New employee death at Chinese tech giant Pinduoduo prompts calls for boycott

By Lily Kuo and Lyric Li,

Mike Segar Reuters

A display at the Nasdaq Market site shows a message after Chinese online group discounter Pinduoduo was listed on the Nasdaq exchange on July 26, 2018.

TAIPEI — One of China’s largest e-commerce giants, Pinduoduo, is facing calls for a boycott after an engineer committed suicide — the company’s second death in less than two weeks — amid accusations of harsh work conditions.

Pinduoduo, an online deals platform responsible for minting the country’s second-richest man, has become a lightning rod for public anger over the grueling hours common in China’s tech industry — known as the “996” work culture, it is an expectation to work from 9 a.m. to 9 p.m., six days a week.

Pinduoduo said an employee surnamed Tan had jumped to his death in his hometown of Changsha in central China on Saturday. The company said Tan, in his 20s, had asked for leave from the Shanghai-based company on Friday without giving a reason and traveled home that same day.

[Death of Chinese tech worker fuels anger over brutal hours]

The company said it had sent a team to Changsha and expressed its “profound sadness” over Tan’s death.

“To support our employees we are setting up an internal channel and dedicated team to provide psychological counseling and consultation services for emergencies,” Pinduoduo said in an emailed statement.

Tan’s death follows that of a woman in her 20s named Fei who collapsed while walking home from a long shift at the company on Dec. 29. She died after six hours of first-aid treatment, and while the cause of death has not been released, critics seized on the case as an example of consistently inhumane treatment of those working in the tech industry.

On Sunday, Pinduoduo’s public relations crisis deepened when an employee surnamed Wang posted a video where he described the relentless pace at the company, alleging that staff members were required to work 300 hours a month. According to Wang, the department where Fei worked, which specialized in groceries, required 380 hours.

Wang said he was dismissed after he earlier posted a photo of an ambulance he claimed was carrying away another co-worker who had collapsed at the office. “A second Pinduoduo warrior has fallen,” he wrote anonymously on, a LinkedIn-like platform for sharing information about companies.

Qilai Shen

Bloomberg News

Evening commuters go through fare gates at a subway station in the Lujiazui financial district in Shanghai on Dec. 21.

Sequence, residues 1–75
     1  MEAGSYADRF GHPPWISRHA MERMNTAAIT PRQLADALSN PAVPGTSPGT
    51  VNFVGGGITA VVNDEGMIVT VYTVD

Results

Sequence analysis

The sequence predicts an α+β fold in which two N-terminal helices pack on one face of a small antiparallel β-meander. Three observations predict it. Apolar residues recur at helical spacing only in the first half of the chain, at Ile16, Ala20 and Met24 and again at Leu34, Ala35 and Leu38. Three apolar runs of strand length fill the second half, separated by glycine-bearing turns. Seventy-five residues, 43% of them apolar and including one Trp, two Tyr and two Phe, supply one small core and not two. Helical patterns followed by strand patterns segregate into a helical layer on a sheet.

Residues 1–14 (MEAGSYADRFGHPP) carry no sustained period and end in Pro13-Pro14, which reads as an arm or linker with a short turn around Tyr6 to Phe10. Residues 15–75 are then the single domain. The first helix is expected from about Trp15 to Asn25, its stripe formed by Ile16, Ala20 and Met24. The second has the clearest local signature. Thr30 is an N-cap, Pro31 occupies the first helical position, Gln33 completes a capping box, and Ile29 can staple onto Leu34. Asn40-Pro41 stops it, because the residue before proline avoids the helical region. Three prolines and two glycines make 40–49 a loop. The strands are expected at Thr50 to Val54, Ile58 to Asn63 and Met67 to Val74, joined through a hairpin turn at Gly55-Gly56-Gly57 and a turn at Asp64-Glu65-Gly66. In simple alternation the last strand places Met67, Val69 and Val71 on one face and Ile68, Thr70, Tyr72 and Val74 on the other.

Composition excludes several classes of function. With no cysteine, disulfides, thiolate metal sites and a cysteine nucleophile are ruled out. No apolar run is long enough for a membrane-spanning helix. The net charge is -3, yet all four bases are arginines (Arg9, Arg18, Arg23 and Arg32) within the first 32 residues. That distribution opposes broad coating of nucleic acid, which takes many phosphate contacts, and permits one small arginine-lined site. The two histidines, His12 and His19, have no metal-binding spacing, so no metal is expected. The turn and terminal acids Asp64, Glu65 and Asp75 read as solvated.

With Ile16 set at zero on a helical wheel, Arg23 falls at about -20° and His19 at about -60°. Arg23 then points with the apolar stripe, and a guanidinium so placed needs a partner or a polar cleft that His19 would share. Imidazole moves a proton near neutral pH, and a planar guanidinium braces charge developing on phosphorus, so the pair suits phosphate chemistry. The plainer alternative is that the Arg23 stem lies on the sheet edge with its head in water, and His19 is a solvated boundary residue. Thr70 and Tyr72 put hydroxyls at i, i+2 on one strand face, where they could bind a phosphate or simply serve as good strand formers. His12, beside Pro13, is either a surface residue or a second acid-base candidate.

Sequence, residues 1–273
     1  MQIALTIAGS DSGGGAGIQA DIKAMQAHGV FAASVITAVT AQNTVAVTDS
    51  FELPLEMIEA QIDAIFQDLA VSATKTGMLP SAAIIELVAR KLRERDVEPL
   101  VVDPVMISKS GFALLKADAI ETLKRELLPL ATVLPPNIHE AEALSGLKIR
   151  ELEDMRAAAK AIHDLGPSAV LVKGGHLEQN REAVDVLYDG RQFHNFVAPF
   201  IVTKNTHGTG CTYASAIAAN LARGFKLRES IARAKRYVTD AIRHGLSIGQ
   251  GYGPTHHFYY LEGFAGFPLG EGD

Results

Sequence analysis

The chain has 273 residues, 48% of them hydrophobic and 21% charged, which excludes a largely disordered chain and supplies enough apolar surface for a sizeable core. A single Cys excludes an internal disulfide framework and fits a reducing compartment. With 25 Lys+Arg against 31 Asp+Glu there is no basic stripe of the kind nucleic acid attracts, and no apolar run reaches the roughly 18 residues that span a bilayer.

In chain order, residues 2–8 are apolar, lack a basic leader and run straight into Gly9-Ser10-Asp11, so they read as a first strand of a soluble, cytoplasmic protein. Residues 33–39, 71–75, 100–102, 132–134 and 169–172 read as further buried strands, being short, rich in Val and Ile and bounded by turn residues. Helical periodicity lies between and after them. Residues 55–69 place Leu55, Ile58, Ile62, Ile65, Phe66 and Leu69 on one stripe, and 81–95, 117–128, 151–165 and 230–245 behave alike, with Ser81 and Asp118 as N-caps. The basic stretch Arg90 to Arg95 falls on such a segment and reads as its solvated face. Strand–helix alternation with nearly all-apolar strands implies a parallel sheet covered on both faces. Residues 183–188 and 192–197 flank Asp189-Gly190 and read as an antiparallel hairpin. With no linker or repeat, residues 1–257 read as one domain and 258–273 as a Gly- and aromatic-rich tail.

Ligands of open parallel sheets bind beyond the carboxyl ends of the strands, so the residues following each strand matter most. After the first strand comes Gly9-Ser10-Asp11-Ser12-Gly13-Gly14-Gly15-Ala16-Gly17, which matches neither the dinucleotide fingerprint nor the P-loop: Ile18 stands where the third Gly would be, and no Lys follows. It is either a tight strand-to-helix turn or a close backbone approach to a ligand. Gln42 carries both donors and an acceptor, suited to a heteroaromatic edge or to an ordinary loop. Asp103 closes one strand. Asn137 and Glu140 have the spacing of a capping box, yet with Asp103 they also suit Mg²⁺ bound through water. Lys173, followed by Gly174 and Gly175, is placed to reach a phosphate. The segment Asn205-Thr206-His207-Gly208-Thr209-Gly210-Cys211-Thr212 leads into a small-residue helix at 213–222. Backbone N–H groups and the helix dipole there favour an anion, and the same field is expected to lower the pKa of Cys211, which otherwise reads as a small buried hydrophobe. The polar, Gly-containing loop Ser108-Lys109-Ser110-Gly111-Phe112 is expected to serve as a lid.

Within half an hour of sending his post, Wang said he was summoned by executives and fired. In response to criticism, Maimai released a statement maintaining that it had not released his information to his employer.

Pinduoduo said in a statement that Wang was let go because he had posted “extreme statements” online in violation of the employees’ code of conduct. The company did not respond to requests for comment on the video.

Anger on social media, already at a high after the death of the young woman, reached a new level in response to Tan’s death and Wang’s video, which was viewed more than 50 million times as of Monday.

“Pinduoduo is the new Foxconn,” one commentator wrote, referring to a spate of suicides in 2010 among workers making Apple products at the company’s factory in Shenzhen.

“Heartless Pinduoduo. Heartless Colin Huang,” another wrote on Weibo, referring to Pinduoduo’s founder, who became China’s second-richest man last year. “Diabolical capitalists have no heart,” the user wrote. “Bloodsucking capitalist vampires,” one posted. “Don’t you dare boast about your contribution to society!”

Hundreds of comments called for boycotting the Groupon-like platform which has gained market dominance by catering to the low-end ­e-commerce segment. Some vowed to block anyone who shared links to Pinduoduo deals, one of the key ways the company promotes itself.

The backlash against Pinduoduo comes as China’s largest tech companies face pressure from both the public and regulators. Pinduoduo’s rival Alibaba has found itself the focus of an anti-monopoly probe. Its founder Jack Ma, who endorsed the 996 work schedule, has been absent from public view for weeks.

After reports of the first Pinduoduo death, China’s official Xinhua News Agency called for shorter work hours and criticized the industry’s “abnormal culture of overtime.” Shanghai labor regulators said they had launched an investigation into the company.

On the Quora-like forum Zhihu, labor rights lawyer Yuan Yayang, who said he is helping Wang with a lawsuit against Pinduoduo, asked the company to respond to allegations raised in the video and called on regulators to publicize their probe.

“A week has passed, but where are the investigation results by Shanghai labor inspection department?” the lawyer asked in another post.

Wang said in his video, “The situation is too real to be overlooked and this is the last straw. . . . This is not how the world is supposed to be.”

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Source: WP